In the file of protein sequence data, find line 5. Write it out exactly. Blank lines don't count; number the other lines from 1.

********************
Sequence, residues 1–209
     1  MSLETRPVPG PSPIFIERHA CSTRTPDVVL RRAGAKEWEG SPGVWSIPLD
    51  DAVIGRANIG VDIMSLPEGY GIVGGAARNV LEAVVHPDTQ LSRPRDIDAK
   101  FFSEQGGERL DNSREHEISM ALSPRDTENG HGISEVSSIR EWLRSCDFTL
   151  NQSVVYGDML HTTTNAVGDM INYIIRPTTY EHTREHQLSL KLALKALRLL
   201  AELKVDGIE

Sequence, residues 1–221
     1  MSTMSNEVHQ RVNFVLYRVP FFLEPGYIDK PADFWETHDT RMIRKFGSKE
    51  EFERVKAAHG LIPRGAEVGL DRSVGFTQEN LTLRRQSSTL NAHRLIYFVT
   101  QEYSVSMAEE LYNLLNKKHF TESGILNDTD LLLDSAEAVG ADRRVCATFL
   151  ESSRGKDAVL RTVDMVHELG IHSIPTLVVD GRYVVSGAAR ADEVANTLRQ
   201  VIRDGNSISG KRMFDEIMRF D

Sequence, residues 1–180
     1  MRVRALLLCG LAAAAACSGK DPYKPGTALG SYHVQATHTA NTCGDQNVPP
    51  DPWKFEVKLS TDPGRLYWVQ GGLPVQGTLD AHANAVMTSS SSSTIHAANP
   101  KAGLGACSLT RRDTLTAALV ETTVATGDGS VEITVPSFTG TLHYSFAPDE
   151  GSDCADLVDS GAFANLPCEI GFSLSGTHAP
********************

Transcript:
   151  NQSVVYGDML HTTTNAVGDM INYIIRPTTY EHTREHQLSL KLALKALRLL